(3) The term significant financial interest does not include the following types of financial interests: salary, royalties, or other remuneration paid by the Institution to the Investigator if the Investigator is currently employed or otherwise appointed by the Institution, including intellectual property rights assigned to the Institution and agreements to share in royalties related to such rights; any ownership interest in the Institution held by the Investigator, if the Institution is a commercial or for-profit organization; income from investment vehicles, such as mutual funds and retirement accounts, as long as the Investigator does not directly control the investment decisions made in these vehicles; income from seminars, lectures, or teaching engagements sponsored by a Federal, state, or local government agency, an Institution of higher education as defined at 20 U.S.C. 1001(a), an academic teaching hospital, a medical center, or a research institute that is affiliated with an Institution of higher education; or income from service on advisory committees or review panels for a Federal, state, or local government agency, an Institution of higher education as defined at 20 U.S.C. 1001(a), an academic teaching hospital, a medical center, or a research institute that is affiliated with an Institution of higher education.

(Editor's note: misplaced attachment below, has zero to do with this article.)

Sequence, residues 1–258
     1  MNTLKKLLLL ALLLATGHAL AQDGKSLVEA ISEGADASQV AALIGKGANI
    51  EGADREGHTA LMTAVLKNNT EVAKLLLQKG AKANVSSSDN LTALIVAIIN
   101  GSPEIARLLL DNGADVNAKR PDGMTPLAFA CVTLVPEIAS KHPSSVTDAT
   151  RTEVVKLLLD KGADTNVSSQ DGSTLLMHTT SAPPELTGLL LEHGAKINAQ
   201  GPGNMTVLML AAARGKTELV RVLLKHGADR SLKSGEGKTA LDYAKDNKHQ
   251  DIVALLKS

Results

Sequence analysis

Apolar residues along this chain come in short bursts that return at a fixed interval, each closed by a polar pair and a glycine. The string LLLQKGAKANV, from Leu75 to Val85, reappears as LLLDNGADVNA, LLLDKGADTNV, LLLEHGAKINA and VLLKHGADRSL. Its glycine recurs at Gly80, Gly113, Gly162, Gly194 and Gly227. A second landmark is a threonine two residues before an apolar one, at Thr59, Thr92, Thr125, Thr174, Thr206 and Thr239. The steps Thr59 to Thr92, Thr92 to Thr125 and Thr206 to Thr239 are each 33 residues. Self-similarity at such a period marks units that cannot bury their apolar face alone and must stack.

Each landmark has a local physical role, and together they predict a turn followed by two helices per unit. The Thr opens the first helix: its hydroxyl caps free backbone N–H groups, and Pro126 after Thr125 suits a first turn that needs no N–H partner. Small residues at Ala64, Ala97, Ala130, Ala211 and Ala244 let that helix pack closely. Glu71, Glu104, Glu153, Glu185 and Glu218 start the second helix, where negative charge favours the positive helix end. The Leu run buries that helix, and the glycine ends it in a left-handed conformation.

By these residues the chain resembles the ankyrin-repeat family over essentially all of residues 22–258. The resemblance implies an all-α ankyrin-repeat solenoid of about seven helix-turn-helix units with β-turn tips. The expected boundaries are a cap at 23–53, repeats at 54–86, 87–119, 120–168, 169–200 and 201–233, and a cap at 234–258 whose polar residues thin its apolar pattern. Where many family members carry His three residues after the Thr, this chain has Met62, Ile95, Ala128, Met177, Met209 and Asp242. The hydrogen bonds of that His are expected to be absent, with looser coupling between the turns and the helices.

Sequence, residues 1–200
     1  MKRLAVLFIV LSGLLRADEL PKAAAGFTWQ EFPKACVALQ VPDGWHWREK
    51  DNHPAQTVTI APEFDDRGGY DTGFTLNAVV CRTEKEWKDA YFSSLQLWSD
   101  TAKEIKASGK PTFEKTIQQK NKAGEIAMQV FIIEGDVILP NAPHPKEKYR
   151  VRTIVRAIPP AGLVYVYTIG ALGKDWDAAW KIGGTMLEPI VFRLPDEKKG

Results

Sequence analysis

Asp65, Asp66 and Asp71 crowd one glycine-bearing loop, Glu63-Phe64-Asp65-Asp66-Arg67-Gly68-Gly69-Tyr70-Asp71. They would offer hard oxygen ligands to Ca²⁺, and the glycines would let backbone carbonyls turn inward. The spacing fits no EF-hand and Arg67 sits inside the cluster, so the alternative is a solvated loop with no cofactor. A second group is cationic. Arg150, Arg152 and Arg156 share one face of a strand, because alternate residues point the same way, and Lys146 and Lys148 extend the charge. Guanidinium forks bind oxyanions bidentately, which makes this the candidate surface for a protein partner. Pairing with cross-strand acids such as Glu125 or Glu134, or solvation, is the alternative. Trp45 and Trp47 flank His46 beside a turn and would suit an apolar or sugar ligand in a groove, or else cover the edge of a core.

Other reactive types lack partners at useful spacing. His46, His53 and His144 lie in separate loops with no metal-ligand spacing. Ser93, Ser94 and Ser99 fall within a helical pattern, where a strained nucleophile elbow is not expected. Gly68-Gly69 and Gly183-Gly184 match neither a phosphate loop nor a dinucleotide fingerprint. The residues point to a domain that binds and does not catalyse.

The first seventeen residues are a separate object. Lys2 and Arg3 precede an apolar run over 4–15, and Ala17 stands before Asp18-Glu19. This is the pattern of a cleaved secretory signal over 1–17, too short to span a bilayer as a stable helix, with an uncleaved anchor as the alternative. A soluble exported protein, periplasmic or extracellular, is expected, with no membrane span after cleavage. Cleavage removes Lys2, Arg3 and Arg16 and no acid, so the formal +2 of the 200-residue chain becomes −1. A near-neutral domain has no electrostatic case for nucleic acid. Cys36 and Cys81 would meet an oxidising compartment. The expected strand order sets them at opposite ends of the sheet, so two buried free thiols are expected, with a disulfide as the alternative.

PARC NIH Contract Manager – The PARC Contract Manager (CM) will ensure that Investigators carry out their FCOI obligations as set forth in this policy.
Institutional Official – The PARC Director of Contract Management is the designated PARC FCOI institutional official(s), and has the following duties:
- Provide adequate guidelines consistent with the regulation for the designated institutional official(s) to determine whether an Investigator’s SFI is related to PHS-funded research and, if so related, whether the SFI is an FCOI
- Solicit and review disclosures of SFIs of the Investigator (and those of the Investigator’s spouse and dependent children) related to an Investigator’s institutional responsibilities;
- Establish a process to require the designated official(s), prior to Institution’s expenditure of funds, to:
- Review all Investigator SFI disclosures